Author: Site Editor Publish Time: 2023-11-03 Origin: Site
Sourness is the sensation caused by the stimulation of taste buds by hydrogen ions. Hence, any compound that can release H+ ions in a solution has a sour taste. However, the relationship between the concentration of sourness and its intensity is not a simple one. Different acids produce different sensations of sourness, and the perception of sourness in the oral cavity is influenced by factors such as the type of acid, pH value, titratable acidity, buffering capacity, and other substances, especially the presence of sugars.
At the same pH level, organic acids generally impart a stronger sour sensation compared to inorganic acids. The most common edible acids exhibit varying degrees of sourness even at the same concentration. Additionally, the perception of sourness in aqueous solutions differs from that in actual food products. Sourness is influenced by buffering effects, and weak acids exhibit a stronger sourness than mineral acids at equal pH levels. Both saliva and various food components contribute to buffering effects.
The anions of acidulants impact the flavor of foods. Most organic acids provide a refreshing sour taste, while most inorganic acids (such as hydrochloric acid) impart a bitter taste, degrading the quality of the food. This effect is primarily due to the influence of anions. The anions from acidulants often give rise to additional flavors in food, known as off-flavors. Ethanol and sugars can attenuate sourness. The combination of sweetness and sourness is a crucial factor in the flavor profile of fruit beverages.
Currently, there are over 20 types of acidulants used worldwide, with an annual demand growth rate of 3% to 5%. Food acidulants are categorized into organic and inorganic acidulants, along with some related organic salts and inorganic salts that can also serve as acidulants.
Among these, citric acid is the most extensively used acidulant, constituting over 70% of the market share among organic acids. Phosphoric acid is one of the most commonly used inorganic acidulants.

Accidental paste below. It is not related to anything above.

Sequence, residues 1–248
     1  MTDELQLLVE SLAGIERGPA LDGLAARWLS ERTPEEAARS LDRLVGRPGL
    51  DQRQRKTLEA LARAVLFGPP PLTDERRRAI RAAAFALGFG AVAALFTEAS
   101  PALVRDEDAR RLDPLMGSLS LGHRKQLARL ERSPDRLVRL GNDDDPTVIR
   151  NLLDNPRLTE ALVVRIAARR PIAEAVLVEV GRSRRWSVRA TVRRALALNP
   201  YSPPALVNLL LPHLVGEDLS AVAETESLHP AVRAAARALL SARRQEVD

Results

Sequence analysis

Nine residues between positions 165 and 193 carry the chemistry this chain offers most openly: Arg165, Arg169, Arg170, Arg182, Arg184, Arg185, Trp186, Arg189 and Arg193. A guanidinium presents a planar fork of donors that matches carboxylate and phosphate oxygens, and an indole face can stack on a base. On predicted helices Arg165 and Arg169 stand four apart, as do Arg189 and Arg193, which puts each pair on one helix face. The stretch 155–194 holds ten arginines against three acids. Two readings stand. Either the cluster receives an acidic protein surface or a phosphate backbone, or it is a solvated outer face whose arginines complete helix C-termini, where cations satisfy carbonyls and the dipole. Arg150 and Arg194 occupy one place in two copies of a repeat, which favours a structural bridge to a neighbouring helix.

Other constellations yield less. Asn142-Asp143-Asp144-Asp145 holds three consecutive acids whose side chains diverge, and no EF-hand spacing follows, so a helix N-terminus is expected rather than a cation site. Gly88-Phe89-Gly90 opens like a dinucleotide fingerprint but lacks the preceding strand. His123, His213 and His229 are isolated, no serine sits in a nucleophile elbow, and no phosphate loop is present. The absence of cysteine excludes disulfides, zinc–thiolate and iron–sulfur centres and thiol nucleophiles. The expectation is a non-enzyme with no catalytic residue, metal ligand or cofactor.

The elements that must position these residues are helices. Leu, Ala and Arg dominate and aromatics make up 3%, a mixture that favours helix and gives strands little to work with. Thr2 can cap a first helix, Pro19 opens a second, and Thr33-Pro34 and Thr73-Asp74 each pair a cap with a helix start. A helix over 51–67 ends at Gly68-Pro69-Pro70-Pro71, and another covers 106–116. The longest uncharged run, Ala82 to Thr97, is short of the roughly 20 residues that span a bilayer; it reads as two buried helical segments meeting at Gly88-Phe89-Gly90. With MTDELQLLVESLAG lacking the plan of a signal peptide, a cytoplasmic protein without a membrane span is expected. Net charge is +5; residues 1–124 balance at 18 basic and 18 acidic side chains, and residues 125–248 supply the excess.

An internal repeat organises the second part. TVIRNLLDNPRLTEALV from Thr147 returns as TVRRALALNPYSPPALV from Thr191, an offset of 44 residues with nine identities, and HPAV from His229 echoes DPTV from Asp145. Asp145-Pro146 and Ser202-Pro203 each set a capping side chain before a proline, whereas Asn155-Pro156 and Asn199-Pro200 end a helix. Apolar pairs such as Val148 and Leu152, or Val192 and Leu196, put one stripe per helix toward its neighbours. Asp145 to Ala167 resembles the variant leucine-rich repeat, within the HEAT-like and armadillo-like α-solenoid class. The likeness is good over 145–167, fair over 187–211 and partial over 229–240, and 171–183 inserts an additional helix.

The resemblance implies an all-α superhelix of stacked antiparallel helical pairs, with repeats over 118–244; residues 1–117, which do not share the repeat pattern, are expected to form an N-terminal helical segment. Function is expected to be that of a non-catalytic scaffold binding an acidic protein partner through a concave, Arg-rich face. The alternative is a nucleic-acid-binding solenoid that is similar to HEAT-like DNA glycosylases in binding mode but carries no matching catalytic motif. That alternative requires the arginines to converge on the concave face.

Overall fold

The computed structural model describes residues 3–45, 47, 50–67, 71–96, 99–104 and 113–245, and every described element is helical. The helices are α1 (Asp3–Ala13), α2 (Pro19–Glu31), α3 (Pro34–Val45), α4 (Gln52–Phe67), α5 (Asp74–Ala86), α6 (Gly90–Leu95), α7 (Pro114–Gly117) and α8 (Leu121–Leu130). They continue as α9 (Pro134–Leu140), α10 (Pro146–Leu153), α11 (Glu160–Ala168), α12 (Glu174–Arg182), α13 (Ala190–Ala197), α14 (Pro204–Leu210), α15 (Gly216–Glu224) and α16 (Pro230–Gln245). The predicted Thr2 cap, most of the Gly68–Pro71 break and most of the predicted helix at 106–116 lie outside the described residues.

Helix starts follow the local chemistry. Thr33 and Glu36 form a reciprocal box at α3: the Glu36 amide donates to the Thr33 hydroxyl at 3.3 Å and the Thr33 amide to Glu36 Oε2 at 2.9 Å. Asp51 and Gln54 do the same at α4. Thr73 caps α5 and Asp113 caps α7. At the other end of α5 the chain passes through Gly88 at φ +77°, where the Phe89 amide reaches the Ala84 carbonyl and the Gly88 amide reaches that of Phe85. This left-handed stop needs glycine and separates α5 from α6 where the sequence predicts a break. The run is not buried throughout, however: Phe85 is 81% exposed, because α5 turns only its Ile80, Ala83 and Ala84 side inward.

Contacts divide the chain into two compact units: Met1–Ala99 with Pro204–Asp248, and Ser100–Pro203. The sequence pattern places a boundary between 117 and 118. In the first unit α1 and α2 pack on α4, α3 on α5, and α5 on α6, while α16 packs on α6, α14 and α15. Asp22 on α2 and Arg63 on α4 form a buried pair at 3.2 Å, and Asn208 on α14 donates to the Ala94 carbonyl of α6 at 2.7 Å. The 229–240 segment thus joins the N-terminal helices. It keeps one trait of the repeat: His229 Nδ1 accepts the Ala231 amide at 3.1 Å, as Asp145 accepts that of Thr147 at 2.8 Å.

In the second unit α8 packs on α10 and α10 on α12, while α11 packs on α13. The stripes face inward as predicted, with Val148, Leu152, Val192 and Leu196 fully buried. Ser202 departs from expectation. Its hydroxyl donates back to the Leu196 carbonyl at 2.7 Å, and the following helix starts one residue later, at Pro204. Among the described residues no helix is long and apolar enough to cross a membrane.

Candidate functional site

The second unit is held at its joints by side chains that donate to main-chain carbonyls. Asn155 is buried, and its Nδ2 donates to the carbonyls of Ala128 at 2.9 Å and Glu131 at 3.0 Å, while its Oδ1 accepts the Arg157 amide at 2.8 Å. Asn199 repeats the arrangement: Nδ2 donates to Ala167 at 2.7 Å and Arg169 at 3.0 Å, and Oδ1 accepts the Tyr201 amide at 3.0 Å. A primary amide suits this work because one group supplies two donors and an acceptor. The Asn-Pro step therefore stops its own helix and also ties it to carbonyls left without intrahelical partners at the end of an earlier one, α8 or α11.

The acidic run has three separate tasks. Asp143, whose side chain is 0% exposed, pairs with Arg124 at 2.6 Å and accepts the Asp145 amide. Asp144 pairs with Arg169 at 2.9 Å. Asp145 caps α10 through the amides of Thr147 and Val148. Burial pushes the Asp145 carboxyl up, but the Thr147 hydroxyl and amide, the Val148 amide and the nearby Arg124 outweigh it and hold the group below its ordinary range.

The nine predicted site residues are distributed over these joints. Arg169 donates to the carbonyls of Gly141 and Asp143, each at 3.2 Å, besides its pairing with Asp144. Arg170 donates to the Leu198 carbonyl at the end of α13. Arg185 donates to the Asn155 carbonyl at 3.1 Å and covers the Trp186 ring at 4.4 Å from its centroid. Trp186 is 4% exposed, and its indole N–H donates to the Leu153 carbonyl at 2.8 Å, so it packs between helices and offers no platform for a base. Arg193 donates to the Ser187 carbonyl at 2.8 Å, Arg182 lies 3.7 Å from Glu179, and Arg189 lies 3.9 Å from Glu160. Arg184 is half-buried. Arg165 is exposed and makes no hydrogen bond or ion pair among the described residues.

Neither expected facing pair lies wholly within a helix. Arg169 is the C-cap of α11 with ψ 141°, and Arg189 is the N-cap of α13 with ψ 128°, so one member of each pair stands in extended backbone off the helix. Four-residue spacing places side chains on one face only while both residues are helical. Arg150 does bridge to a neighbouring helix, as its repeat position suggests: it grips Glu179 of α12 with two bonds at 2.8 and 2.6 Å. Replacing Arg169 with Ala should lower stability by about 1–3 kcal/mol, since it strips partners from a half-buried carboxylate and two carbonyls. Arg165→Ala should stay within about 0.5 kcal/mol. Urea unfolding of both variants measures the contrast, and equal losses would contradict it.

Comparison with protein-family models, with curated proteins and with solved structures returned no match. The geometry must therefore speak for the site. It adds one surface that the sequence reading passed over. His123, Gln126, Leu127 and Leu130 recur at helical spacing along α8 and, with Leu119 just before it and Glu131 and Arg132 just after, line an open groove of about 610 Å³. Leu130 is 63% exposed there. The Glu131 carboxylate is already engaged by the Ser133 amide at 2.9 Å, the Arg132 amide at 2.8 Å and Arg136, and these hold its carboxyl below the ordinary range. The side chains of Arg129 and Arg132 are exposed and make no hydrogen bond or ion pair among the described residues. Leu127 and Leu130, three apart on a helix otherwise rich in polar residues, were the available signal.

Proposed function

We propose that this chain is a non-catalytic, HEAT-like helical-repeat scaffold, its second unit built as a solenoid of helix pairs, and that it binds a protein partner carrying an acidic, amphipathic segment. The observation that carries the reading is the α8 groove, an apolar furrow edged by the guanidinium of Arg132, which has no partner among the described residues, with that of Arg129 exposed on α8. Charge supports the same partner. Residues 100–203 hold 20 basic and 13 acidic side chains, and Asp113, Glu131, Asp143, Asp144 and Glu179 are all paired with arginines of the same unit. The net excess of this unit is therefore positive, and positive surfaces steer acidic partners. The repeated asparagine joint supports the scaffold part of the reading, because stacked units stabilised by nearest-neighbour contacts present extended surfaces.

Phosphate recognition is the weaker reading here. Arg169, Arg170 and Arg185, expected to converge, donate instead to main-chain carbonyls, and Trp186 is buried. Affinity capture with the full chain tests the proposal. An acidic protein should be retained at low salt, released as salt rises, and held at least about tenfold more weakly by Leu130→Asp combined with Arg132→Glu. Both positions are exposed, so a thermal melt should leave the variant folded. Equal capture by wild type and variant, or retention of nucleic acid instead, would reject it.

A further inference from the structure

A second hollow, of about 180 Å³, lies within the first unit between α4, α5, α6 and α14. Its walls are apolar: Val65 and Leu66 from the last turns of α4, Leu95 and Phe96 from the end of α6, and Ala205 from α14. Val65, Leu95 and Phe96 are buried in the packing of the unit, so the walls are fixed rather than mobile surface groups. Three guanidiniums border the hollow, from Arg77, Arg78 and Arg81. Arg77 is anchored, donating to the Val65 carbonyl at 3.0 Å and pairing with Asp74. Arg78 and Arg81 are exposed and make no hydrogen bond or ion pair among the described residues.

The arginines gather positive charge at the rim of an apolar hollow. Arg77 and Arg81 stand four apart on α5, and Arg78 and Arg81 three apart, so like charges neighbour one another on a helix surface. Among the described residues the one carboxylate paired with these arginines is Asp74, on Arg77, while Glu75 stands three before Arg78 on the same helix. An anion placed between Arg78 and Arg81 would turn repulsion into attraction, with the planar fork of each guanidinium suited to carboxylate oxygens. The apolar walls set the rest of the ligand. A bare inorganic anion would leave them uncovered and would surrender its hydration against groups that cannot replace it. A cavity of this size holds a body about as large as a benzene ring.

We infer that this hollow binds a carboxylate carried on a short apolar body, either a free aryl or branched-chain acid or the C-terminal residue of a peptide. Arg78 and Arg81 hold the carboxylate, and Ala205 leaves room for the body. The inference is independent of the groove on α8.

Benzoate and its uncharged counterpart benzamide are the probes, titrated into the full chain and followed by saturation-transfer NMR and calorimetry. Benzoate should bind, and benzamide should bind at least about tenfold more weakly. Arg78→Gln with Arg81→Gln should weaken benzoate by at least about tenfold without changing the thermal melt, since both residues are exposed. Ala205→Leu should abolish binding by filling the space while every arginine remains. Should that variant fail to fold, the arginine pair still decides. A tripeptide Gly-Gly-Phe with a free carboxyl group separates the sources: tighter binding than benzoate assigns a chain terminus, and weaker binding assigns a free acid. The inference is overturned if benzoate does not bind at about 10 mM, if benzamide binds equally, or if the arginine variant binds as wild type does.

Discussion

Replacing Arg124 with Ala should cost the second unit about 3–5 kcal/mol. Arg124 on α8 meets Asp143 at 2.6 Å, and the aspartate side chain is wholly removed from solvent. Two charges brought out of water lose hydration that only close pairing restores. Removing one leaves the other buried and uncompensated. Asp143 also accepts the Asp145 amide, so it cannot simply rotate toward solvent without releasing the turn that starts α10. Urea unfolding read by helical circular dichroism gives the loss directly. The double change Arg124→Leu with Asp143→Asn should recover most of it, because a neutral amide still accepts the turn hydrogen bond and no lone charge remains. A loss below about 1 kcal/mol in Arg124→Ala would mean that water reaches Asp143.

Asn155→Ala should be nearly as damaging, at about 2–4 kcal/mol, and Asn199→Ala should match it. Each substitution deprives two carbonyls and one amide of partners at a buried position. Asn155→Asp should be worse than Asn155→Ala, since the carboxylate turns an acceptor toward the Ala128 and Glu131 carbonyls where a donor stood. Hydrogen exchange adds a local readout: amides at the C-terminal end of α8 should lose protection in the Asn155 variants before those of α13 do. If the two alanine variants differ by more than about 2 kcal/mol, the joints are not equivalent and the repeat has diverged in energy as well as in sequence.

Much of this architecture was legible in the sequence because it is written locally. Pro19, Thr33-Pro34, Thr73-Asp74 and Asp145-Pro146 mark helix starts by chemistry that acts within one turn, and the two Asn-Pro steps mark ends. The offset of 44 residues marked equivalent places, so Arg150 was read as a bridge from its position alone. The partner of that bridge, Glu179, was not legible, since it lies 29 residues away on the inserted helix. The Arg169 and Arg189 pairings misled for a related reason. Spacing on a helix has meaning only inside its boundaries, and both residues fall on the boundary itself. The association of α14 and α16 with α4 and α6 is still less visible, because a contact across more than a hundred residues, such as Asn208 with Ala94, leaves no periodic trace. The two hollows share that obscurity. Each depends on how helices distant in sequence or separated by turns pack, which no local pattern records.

The sour taste in food primarily comes from water-soluble organic and inorganic acids. Fruits and their derivatives contain acids like malic acid, citric acid, tartaric acid, succinic acid, and acetic acid. In meat and fish products, lactic acid is predominant. Additionally, there are inorganic acids such as hydrochloric acid and phosphoric acid. Some of these acids occur naturally in foods, like tartaric acid in grapes and citric acid in apples. Others are added deliberately, such as citric acid in soft drinks, and some are produced during fermentation, like lactic acid in sour milk.
Flavor Enhancers: Acidulants, obtained through various sources, are essential flavor enhancers in food, significantly impacting the overall taste. Most organic acids possess a strong fruity aroma, stimulating the appetite, promoting digestion, and playing a crucial role in maintaining the body's acid-base balance.
Color Stability: The presence of acidulants in food, determining the pH level, contributes to maintaining stable colors. During fruit processing, lowering the medium's pH by adding acids inhibits enzymatic browning. Vegetables blanched in boiling water with a pH of 6.5-7.2 retain their distinctive green color.
Preservative Effects: Acidulants also act as preservatives in food. When the pH of a food product is below 2.5, most microorganisms' growth is inhibited, excluding molds. Controlling the concentration of acetic acid at 6% effectively suppresses the growth of spoilage bacteria.
Understanding the principles and types of acidulants is essential in the food industry, ensuring the desired taste, color, and preservation of various food products. By incorporating these insights, food manufacturers can create appealing and high-quality food items for consumers worldwide.